As mentioned, the vagus nerve can play a key role in hiccuping. And when overwhelmed by another sensation, it can signal the brain, communicating that something else is more important. That’s when hiccuping should come to a halt. As you consume a spoonful of sugar, it’s believed to stimulate this nerve, essentially making your body “forget” about hiccuping.
2. Gag yourself
No one wants to gag themselves. But when hiccups just won’t quit, we’ll try just about anything, won’t we? It’s not exactly clear why this method may be effective. Experts believe that when you momentarily stop breathing, you actually restore the normal rhythm within your phrenic nerves.
This nerve is directly associated with your diaphragm and once irritated, hiccups can result. All you need to do is push on the base of your tongue, pressing down slightly. If you don’t want to gag yourself, you can also try to gulp down a glass of water. In some cases, the rhythmic contractions within the esophagus will override spasms felt within the diaphragm.
3. Drink with your ears plugged
These suggestions just keep getting weirder and weirder, don’t they? But hey, whatever works! For this method, you’ll either need a friend or a straw. As you plug both ears, drink a large glass of water. Although experts do not fully understand the mechanism behind this technique, it more than likely involves the vagus nerve, once again.
The branches of the vagus nerve interact with your auditory system. So as you put your fingers in your ears, this may kickstart stimulation. Dr. Goldstein has used this technique both in his personal life and within his emergency practice, as stated in Canadian Family Physician.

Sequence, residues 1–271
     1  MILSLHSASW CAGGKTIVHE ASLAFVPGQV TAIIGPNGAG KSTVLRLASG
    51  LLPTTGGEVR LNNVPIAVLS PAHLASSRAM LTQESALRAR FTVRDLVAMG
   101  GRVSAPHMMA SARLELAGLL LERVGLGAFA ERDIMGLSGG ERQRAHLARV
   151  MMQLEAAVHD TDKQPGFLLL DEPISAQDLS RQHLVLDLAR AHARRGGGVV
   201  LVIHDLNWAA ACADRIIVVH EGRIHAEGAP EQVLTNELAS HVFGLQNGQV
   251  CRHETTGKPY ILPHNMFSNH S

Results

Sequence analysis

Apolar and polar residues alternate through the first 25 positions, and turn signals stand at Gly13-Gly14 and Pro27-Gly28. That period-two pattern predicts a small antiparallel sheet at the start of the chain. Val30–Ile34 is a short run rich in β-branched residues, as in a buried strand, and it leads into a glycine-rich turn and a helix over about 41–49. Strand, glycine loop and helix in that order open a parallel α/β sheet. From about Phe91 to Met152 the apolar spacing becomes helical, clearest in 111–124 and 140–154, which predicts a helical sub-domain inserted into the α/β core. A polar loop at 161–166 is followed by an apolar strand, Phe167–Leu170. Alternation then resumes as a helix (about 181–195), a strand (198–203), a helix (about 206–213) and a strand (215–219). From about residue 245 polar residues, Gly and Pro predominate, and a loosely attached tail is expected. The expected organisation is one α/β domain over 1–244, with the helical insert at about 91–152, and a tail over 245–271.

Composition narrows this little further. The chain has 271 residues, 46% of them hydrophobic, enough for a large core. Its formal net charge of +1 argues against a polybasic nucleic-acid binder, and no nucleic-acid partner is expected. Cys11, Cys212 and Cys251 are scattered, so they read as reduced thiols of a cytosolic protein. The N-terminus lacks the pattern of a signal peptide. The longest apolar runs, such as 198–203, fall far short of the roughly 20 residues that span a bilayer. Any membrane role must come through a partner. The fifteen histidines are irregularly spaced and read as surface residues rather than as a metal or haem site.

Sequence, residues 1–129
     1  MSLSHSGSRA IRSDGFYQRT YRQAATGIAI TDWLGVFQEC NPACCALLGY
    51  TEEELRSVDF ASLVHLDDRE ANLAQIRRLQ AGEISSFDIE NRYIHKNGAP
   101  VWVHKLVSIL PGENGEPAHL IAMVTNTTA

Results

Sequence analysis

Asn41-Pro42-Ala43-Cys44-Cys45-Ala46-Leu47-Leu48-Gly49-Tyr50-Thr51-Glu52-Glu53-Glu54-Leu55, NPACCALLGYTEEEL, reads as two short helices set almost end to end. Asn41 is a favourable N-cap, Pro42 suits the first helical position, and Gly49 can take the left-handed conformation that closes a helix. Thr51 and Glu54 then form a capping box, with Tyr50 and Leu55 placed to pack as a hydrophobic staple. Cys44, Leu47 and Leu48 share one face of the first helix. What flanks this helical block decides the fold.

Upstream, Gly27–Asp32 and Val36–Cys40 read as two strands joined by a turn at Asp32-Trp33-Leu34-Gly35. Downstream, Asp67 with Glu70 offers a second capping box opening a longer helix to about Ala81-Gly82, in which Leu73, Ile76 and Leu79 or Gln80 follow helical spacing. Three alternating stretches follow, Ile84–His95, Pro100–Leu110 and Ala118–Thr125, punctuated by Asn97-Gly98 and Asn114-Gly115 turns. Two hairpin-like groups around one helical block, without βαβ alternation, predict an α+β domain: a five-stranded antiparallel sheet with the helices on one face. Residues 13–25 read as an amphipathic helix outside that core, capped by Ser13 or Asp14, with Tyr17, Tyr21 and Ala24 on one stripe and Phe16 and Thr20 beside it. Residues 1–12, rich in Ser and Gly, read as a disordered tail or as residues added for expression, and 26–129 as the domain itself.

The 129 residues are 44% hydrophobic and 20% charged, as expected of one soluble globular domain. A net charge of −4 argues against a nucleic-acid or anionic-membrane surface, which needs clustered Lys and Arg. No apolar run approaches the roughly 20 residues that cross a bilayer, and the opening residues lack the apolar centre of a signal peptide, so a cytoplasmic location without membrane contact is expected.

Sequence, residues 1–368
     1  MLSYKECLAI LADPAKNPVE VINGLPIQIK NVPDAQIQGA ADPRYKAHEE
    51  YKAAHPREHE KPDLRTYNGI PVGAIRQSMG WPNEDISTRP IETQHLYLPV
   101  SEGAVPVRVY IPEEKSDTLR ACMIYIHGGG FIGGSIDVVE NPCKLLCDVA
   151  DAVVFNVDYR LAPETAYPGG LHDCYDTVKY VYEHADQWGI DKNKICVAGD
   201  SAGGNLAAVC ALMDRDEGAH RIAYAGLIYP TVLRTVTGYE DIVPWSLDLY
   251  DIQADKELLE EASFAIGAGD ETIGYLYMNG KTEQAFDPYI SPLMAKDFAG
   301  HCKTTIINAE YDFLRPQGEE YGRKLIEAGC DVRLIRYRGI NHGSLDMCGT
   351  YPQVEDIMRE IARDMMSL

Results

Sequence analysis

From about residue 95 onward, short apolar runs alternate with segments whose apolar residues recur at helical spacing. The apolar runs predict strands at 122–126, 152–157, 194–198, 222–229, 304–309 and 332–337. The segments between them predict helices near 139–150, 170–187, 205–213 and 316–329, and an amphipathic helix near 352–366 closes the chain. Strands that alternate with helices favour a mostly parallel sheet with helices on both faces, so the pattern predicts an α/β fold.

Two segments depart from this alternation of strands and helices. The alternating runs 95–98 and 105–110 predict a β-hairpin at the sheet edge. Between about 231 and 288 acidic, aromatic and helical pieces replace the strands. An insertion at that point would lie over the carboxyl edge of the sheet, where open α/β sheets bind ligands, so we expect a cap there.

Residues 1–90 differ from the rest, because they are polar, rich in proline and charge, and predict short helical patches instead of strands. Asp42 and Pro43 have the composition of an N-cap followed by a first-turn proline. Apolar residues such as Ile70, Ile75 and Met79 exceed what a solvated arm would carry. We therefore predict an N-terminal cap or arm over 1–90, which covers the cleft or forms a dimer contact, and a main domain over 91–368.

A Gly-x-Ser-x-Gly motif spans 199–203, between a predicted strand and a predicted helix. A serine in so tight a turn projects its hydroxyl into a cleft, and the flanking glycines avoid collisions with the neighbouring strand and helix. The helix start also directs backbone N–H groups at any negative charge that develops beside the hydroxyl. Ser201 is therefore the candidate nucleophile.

To try this for yourself, fill a large glass with cold water. Next, press the tragi of your ears — that little tongue-like piece of cartilage in front of the external opening of your ear. The goal here is to completely seal off the external acoustic meati, better known as your ear canal. As you do so, simultaneously drink your water. Sounds strange, but many swear by it.
4. Head to the bedroom
You may not be feeling very sexy while you’re hiccuping. But according to experts, an orgasm could do you a world of good. Not only will this promote the release of oxytocin — a hormone that counteracts anxiety and depression — but it can actually combat hiccups. Like the other methods suggested above, during sex, your vagus nerve is stimulated. While aiming to combat hiccups, researchers have documented the benefits of an orgasm on more than one occasion.
Within one case report, a 40-year-old man received an injection for his low back pain. The patient felt a sense of relief — until 6 hours later, when his intractable hiccups began. This led to anxiety and poor sleep quality. He was even unable to work. Although he tried several methods, including medication, nothing helped. On the fourth day, he had sexual intercourse with his wife. Once he ejaculated, the hiccups ceased. They did not recur during the 12-month follow-up period.
So, the next time you’re about to eat your dinner and hiccups interfere, try some of the suggestions above. If you’re going to go for suggestion number four, having a little fun in the bedroom, you may want to keep your dinner warm in the oven — just saying.
— Krista Hillis